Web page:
Michigan voters have turned down a proposal that could have created a major roadblock in the construction of a new bridge between Detroit and Windsor, Ont., according to early returns Tuesday night.

Proposal 6 would have amended Michigan’s constitution to force a statewide vote on any international border crossings.

That could have thwarted the Canadian government’s deal with Michigan to build a new bridge across the Detroit River. Ottawa has agreed to foot the bill for the new crossing, which would compete with the existing, privately-owned Ambassador Bridge.

Ambassador Bridge’s billionaire owner, Matty Moroun, has spent millions of dollars fighting the construction of a new border span and funding ads for Proposal 6.

But with 44 per cent of precincts reporting late Tuesday night, more than 60 per cent of Michigan voters rejected the proposal.

A very different ballot issue in other states could also have an impact on Canada.

Washington state and Colorado both legalized recreational use of marijuana, a move closely watched by Canadian pot activists.

Voters in Washington approved state-licensed marijuana growers and retail stores, where adults who are 21 or older will be able to buy up to 28 grams of pot.

A similar measure passed in Colorado, although public marijuana use will still be banned.

Some observers have said that relaxed pot laws in the U.S. could have a ripple effect across the border, especially in British Columbia.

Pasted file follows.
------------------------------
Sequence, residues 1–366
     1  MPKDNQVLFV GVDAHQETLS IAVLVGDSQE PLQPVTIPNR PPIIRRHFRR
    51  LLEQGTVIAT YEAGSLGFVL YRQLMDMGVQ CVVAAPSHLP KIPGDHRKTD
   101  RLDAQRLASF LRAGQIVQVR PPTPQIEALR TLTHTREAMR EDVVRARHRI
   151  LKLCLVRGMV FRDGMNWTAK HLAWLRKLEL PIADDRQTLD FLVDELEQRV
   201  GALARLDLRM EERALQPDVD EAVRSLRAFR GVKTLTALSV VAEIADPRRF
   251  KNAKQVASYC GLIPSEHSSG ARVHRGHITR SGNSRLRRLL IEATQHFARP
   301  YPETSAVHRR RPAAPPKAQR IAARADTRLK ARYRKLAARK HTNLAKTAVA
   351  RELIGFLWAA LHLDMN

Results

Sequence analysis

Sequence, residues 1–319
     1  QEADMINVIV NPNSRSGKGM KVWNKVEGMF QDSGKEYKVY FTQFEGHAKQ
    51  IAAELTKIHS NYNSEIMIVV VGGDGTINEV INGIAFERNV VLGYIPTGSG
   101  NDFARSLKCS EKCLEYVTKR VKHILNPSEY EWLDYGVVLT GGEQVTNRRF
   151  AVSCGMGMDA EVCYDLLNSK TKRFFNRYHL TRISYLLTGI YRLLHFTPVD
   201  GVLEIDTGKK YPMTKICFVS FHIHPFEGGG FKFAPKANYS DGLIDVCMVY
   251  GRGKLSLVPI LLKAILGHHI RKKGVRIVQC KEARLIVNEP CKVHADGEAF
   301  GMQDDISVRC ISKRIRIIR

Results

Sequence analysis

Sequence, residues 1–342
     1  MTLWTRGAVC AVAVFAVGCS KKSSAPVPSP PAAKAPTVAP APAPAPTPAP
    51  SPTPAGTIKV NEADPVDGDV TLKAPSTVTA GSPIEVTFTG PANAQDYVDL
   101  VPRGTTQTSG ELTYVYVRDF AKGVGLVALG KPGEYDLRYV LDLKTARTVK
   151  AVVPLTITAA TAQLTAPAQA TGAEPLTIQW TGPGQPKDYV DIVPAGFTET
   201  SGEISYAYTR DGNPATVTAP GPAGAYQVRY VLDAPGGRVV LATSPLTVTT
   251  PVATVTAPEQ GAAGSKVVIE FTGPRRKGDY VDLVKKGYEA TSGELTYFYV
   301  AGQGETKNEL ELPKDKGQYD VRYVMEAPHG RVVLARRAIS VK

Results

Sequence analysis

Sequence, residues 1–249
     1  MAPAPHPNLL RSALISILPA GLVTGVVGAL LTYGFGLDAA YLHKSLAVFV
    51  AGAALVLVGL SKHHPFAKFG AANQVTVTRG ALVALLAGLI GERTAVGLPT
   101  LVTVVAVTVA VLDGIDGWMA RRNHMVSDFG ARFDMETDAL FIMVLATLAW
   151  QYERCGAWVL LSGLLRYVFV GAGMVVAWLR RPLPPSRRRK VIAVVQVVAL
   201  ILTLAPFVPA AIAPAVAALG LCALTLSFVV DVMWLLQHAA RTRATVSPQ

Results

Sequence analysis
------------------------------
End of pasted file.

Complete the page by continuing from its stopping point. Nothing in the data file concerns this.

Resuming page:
“We want to follow the U.S. example of making more progressive laws, keeping people out of prisons, taking money away from gangs, making everyone safer,” Jodie Emery, who is married to well-known B.C. pot activist Marc Emery, told CTV British Columbia this week.

“That’s the approach we need.”

Kash Heed, a Liberal B.C. MLA, said the outcome of the Washington referendum will have a direct impact on cross-border drug traffic.

“You will see the proceeds that criminal organizations are making here in B.C. by delivering the product to Washington State decrease substantially because they will no longer be able to reach the black market,” he said.

In Massachusetts, voters approved the use of medical marijuana, joining 17 other states. Arkansas voters were also deciding on a similar measure.

With a report from CTV British Columbia